As aN Artist, one’s own culture informs and inspires one’s art a lot. But as your practice grows and you travel, you start gathering ideas and a finer understanding about a broader culture from around the world. How did that affect your art?
Looking back at my life, I am not the same person that I was before entering into the art world. Growing up in an open-minded yet traditional family, I struggled with a conservative and unaccepting society where art was gender-specific. It was a common belief that only girls could take up painting as a subject whereas boys had no option but to study engineering, medicine, law or join the armed forces. My parents, fortunately, understood my potential and passion and allowed me to study visual arts. Initially, my mother found the paintings of nudes very shocking as nudes are still a huge dogma in my society. However, she was always appreciative of my portraits of her.
Like most individuals who belong to the creative field, I also consider myself to being somewhat of a hunter, explorer and gatherer someone who is always exploring and learning new ideas to survive.
Without adopting new methods and expressing ideas in innovative ways, an artist would soon be extinct.
Hence the pursuit of education, taking on board criticism and appreciation in ones work, travelling, learning through residencies and fellowships have all contributed immensely to the development of my artistic practice and understanding. As artists, we start from a dot leads to a line and then goes on to connect like a chain. This connection gives room to grow as a person and practitioner. Similarly, the experience of my first local residency had a significant contribution to my latest international residency.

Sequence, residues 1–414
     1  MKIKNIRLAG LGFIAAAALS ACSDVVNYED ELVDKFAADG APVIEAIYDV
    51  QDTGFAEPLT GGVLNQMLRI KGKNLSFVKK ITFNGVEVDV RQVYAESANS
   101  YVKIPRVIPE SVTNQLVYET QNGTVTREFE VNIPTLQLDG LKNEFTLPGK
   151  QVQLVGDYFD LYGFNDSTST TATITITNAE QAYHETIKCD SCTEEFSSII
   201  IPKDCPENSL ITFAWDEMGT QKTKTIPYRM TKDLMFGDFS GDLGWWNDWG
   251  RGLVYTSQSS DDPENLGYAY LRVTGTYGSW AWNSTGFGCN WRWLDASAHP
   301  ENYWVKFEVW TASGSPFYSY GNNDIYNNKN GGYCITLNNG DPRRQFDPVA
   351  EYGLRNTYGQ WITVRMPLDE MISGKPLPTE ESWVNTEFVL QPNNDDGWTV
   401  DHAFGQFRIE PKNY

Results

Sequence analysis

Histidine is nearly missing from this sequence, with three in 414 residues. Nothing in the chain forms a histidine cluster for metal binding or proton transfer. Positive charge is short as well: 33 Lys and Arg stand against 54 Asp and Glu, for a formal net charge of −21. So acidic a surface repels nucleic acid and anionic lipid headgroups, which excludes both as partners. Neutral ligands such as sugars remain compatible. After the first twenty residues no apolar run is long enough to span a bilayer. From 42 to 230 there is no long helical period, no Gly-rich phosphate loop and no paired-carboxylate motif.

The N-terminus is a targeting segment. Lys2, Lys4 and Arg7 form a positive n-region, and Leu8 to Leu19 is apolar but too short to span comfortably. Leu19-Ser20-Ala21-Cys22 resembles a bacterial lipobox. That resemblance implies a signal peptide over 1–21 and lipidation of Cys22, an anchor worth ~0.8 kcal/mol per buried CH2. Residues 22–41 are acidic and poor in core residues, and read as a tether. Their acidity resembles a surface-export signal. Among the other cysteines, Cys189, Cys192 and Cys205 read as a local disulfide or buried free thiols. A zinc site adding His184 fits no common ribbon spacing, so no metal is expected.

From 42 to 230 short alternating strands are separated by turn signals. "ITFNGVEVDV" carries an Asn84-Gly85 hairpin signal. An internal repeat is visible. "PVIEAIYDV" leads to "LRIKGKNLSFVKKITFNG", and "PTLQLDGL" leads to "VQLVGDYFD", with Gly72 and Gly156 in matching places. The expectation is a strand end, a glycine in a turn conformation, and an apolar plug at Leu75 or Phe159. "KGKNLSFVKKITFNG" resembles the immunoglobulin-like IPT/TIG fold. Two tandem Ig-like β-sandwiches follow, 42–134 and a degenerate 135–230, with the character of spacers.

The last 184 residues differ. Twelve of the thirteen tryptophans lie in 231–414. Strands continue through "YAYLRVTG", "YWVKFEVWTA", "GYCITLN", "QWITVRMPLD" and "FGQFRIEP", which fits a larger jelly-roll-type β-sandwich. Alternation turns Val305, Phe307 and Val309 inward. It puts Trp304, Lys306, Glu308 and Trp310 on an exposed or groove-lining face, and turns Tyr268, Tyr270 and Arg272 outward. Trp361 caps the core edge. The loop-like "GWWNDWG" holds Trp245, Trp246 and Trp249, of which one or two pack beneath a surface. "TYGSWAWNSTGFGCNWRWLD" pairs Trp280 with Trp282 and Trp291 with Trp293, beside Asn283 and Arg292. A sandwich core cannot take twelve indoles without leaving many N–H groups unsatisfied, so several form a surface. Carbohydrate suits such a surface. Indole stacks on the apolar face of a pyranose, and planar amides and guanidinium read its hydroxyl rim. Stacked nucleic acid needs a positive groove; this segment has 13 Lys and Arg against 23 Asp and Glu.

In eleven years as a practising artist, I have attended six major residencies, including the Commonwealth International Fellowship in Kolkata, Art Omi in New York and Kooshk in Tehran. All these residencies have allowed me to evolve as a person and an artist, especially those residencies that I was part of in neighbouring countries such as India and Iran.
What would you consider your first break-out show?
I have been part of many internationally curated group shows as well as international solo projects. However, I feel that my debut show in Pakistan was the major breakthrough in my career. After my graduation, I was offered a residency in Studio R M. It is founded by one of Pakistan’s leading artists R M Naeem. I spent almost two years in this studio and produced over twenty works, during this period I received an opportunity to assist him as a tutor, meet other artists as well as continue my practice in a very serious professional way. As this was a fully-funded program, it gave me enormous room for experimentation. The nature of my previous training as a miniaturist meant that breaking the scale and adopting new mediums was very challenging for me; however, with his continuous feedback and constructive criticism, I managed to overcome my shortcomings. The two years under Naeem sahib’s tutelage definitely broadened my horizons, taught me studio management skills as well as discipline. The works I produced during this residency were displayed at my debut show at the Indus Valley School of Arts and Architecture Karachi and Alhamra Arts Council, Lahore.
The show was a big hit and was reviewed in all the local newspapers and admired by the most influential art critics of Pakistan. Pakistan was going through a significant economic recession at that time, but I managed to sell all of my works to highly respected private art collectors. This led to other successful national and international shows, but I really do believe that it was this first show that was a key game changer in my career.
What has been your favourite series of work? Could you take us through your approach?